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Old 01-02-2013, 03:15 PM   #1
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Default the light and hops question

I have a recent batch of Dark Chocolate Stout in my primary for 1.5 weeks in which this time I am using a 5 gallon glass carboy. Someone was over yesterday and told me that if I have hops in anything that light gets to it will make it skunk. (I knew about green glass and skunk but never thought about it while fermenting). Now this is sitting in my living room not in direct sunlight but rather just indirect light. I have then since covered it with a brown paper bag but I was just wondering how detrimental and quickly light will effect beer in beer in a clear glass primary fermenter. Needless to say I will most likely use my white fermenting bucket next time.

Thanks!

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Old 01-02-2013, 03:18 PM   #2
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Originally Posted by fischfam View Post
I have a recent batch of Dark Chocolate Stout in my primary for 1.5 weeks in which this time I am using a 5 gallon glass carboy. Someone was over yesterday and told me that if I have hops in anything that light gets to it will make it skunk. (I knew about green glass and skunk but never thought about it while fermenting). Now this is sitting in my living room not in direct sunlight but rather just indirect light. I have then since covered it with a brown paper bag but I was just wondering how detrimental and quickly light will effect beer in beer in a clear glass primary fermenter. Needless to say I will most likely use my white fermenting bucket next time.

Thanks!
It might be fine. Just throwing a towel over a fermenter or a t-shirt or something is enough to protect it. You don't need much direct light to skunk a beer, but I'm not sure how indirect your light is nor how bright so it would be just a guess to say if your beer is affected.
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Old 01-02-2013, 03:41 PM   #3
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I use a BB ale pail & a Cooper's micro brew FV's,& cover them both. Better safe than sorry. Depending on what you cover it with,I think it helps stabilize temps a bit too. It's been rather cool in here,& the velvet smoking jacket I covered the micro brew FV with is staying at 22C,or 71.6F.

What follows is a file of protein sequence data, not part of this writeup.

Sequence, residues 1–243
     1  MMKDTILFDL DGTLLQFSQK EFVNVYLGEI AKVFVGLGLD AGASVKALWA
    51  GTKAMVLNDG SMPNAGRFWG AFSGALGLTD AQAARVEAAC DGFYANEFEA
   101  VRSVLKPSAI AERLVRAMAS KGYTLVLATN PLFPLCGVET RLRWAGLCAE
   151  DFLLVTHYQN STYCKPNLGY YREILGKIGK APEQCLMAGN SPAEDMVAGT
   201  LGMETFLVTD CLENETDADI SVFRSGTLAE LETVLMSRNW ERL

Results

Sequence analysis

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Old 01-02-2013, 04:23 PM   #4
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After fermentation has taken place, the compounds in hops are susceptible to being modified by the sunlight into the same compounds in skunk spray. And they have an incredibly small threshold of perception by humans.

Direct sunlight can skunk up a glass of beer in like 10-15 minutes (I've done this). Darker beer is less susceptible simply because the light waves are somewhat filtered by the beer itself.

Cover that carboy up ASAP and remember for next time. I used to put the box that the carboy came in over top of it leaving the airlock sticking out. I've also used paper bags and even T shirts.

Just make sure to block the sunlight.

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Old 01-03-2013, 12:20 PM   #5
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thanks and it's covered now. I guess that i will be able to tell if it's skunked during bottling if i taste it?

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Old 01-03-2013, 12:47 PM   #6
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I just stumbled over this thread, I have a Lager that is in primary at this time and in the basement where indirect light is on (a light bulb). I'm assuming that a florescent light won't affect the wort while in primary, by the thread's progression of information. I would like to say that also, i have made several "spirits," as well in direct sunlight and have not been affected.

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Old 01-03-2013, 12:54 PM   #7
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Floresent light is more like sunlight than an incandecent bulb. It could skunk it.
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Old 01-03-2013, 01:52 PM   #8
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It is compounds in the hops that are effected by the light. If you didn't use hops, you shouldn't have a problem with light.

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Old 01-03-2013, 06:44 PM   #9
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Fluorescent lighting is the one to watch out for. If it's only a mild amount it might take a while, and if you are fermenting it in a bucket you have better protection.

Direct sunlight is WAY more powerful than a small amount of fluorescent light. I really can't say how long it would take to make it noticeably skunky.

The best bet is to take a sample and taste it. It's not going to get better if it's already skunky.

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Old 01-03-2013, 06:52 PM   #10
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This is a fun to watch:

http://www.basicbrewing.com/index.php?page=september-14-2007---skunking-beer

Cheers!

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